Innovation is about changing behaviours: Innovation is therefore about Leadership
I’ve been thinking again about leaders and their role in helping to create an innovative organisation. It is a really serious issue since leaders have the capacity of torpedoing their own best efforts, almost without realising it. The trouble is that, sometimes, leaders don’t realise that Innovation is a challenging and subtle process – to be effective, it should be seen not so much as a skill or even a process, as important as they are. Innovation is really much more about behaviour. It’s genuinely as fundamental as that. And changing behaviour is one of the toughest challenges a leader will ever face.
Many years ago, I became the leader of a large arts organisation with over 200 staff. The company was located across a number of locations and we also went on to specialise in what today might be called ‘pop up theatre’, but which, in those days, was called ‘non-velvet theatre’, a phrase promulgated in inimitable fashion by Barrie Rutter of Northern Broadsides. When I arrived to run this company, I found a dysfunctional organisation – no two departments respected each other, much less actually talked to each other. Half of the organisation felt ignored and undervalued as they watched massive capital investment going into the other half. The entire workforce had broken into small groups, each with its own leader more concerned to protect vested interests than to contribute to the success of the whole organisation. This state of dysfunction was inevitably being felt by, and having an impact on, both customers and suppliers. The organisation had begun to lose both. They had certainly started to lose status within the sector. The jackals were circling – yes, we have them in our sector too! – predatory cultural behemoths with no interest in the organisation itself but keen to be able to convert it to suit their own purposes, just waiting for the right moment to strike – deals were already in discussion, led for the organisation by unknowing and uncaring officials who regarded the organisation as a deeply irritating waste of time and money.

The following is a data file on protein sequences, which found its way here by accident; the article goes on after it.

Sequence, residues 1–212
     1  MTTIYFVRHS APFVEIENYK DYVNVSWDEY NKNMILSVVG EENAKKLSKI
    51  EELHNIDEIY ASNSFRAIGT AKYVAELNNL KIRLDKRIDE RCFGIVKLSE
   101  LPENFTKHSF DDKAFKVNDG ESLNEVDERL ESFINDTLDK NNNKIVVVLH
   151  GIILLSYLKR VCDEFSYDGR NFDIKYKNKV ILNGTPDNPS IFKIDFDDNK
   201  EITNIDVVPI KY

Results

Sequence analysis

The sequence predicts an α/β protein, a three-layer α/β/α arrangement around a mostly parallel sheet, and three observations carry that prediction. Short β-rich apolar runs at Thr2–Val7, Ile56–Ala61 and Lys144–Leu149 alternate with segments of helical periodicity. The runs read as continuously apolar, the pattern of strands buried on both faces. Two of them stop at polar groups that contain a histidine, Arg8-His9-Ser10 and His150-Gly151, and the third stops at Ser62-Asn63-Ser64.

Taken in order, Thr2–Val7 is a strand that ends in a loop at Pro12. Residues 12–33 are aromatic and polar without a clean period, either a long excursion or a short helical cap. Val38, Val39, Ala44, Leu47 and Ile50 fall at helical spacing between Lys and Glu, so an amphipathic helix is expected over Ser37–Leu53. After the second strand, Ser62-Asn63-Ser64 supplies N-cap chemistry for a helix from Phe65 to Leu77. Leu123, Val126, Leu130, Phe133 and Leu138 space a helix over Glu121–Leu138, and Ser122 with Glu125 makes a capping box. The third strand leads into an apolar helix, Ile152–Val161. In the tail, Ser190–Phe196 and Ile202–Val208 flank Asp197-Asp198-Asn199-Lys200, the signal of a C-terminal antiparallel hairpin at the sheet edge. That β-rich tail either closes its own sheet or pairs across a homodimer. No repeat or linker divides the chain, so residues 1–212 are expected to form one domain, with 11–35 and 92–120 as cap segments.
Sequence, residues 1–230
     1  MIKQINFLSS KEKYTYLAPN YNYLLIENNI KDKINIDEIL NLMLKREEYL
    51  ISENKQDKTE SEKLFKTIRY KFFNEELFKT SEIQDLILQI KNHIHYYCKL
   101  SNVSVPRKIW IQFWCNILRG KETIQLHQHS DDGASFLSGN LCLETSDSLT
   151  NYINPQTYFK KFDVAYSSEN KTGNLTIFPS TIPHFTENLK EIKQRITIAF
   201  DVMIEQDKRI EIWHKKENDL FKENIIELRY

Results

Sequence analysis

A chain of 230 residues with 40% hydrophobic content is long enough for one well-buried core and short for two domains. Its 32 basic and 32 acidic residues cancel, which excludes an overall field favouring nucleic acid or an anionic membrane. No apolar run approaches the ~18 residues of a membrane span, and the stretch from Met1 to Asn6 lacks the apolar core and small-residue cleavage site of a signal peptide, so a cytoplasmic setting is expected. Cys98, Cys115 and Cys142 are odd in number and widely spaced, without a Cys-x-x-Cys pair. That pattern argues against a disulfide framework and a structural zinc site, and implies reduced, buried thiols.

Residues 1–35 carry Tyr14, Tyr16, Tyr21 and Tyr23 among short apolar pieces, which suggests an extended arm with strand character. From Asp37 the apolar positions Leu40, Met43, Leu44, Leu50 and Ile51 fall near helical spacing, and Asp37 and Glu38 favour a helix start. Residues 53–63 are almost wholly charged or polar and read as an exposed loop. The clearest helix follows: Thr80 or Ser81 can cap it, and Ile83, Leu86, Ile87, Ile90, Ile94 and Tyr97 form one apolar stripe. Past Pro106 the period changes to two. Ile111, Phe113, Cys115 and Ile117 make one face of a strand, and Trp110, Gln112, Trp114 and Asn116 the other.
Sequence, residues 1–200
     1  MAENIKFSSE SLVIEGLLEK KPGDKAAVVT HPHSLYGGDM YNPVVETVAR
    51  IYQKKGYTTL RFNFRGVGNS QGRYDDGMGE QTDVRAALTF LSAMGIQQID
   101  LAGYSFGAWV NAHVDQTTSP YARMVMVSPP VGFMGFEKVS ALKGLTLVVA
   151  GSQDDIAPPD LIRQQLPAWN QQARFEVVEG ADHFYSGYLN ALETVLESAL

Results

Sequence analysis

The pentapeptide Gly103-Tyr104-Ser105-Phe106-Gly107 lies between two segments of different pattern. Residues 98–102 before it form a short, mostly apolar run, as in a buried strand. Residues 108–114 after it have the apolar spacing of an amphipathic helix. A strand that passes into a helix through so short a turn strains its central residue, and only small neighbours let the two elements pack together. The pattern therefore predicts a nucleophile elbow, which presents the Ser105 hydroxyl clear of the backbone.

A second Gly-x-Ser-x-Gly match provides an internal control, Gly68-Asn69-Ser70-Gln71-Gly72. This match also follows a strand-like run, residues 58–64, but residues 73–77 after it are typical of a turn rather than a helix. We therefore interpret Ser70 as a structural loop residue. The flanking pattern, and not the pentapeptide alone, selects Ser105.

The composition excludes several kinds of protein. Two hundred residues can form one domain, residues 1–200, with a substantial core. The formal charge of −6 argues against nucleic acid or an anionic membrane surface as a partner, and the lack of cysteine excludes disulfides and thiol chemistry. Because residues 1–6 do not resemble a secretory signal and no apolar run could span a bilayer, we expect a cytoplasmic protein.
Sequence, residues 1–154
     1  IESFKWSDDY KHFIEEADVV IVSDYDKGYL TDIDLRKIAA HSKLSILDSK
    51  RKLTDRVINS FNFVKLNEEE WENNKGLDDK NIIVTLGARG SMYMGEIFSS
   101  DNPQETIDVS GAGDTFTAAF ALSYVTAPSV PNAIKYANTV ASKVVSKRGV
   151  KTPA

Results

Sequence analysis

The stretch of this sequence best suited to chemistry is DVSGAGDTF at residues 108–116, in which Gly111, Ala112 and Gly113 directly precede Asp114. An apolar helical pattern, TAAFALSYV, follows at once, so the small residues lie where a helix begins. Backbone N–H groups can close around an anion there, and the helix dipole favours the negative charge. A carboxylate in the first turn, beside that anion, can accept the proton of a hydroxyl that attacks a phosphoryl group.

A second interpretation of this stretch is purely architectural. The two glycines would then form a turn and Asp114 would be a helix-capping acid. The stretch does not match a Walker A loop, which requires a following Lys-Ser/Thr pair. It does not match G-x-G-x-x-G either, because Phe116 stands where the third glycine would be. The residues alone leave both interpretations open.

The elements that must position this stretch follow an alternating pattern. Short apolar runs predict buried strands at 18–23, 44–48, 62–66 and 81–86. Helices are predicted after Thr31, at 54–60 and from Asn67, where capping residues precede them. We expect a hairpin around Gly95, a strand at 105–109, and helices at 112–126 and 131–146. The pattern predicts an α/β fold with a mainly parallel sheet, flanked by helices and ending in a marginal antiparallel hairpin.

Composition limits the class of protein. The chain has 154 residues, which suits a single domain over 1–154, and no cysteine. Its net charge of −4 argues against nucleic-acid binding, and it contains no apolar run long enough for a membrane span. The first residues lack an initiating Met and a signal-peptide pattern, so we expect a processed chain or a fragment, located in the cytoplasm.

So, of course, then I had some fun. We started to re-introduce first rate work to the venues, rebuilding confidence; we sent the behemoths packing with several fleas in their ears; I disengaged as much as I could from the unknowing, uncaring officials. I then turned my attention to the company. With financial help from Arts & Business and the commercial arm of a University, we raised enough money to secure support in embarking on a significant change management programme that took over two years for us to feel we were on our way. It was a series of small steps, sustained unquestioningly for the whole period, and daily made manifest by the overt passion, commitment and engagement of a leadership team who gave new power to the phrase “Walk the Talk”. They lived the values they advocated throughout the organisation. No project was too small to be included; no project too large to warrant the effort. We engaged emotionally as well as intellectually. The entire organisation experienced the ripple effect of success in a particular department and learned to acknowledge it. They learned to respect and support each other largely through a proper understanding of the contribution of the different roles to the overall success. Cross disciplinary working became standard and most people blossomed in the new and wider recognition of their competence. Those that didn’t, left: simply, voluntarily, no disciplinary processes: the pressure of peer approval was more effective than any hierarchical appraisal process.
Now, years later, after working with a wide range of client organisations, both here and internationally, in both the arts and other sectors, I know that, without the quality and depth of that leadership engagement, we would not have succeeded in turning things around as successfully as we did. The company was made up of a group of terrific people, as are most companies; but what actually made the difference was the overt and sustained engagement of the leadership in achieving the changes needed. They captured the hearts and minds of everyone else, who then felt confident to take the risks necessary to change their own behaviours, which led to the new organisational culture, which, in turn, resulted in value for the customers and measurable benefit for themselves. It takes time, and it is not painless. Chances are you will hit the boulders on this as on any other journey. But with the demonstrable commitment of the leadership, people will find the courage and the confidence to sustain their engagement.
Business studies research shows that 70% of change management programmes fail. John Kotter, the guru of change management, attributes this to the failure of leaders to ‘capture hearts and minds’. If you are introducing innovation into your organisation, be clear about the scale of the challenge: you are aiming to change behaviours. Be sure you capture those hearts and minds.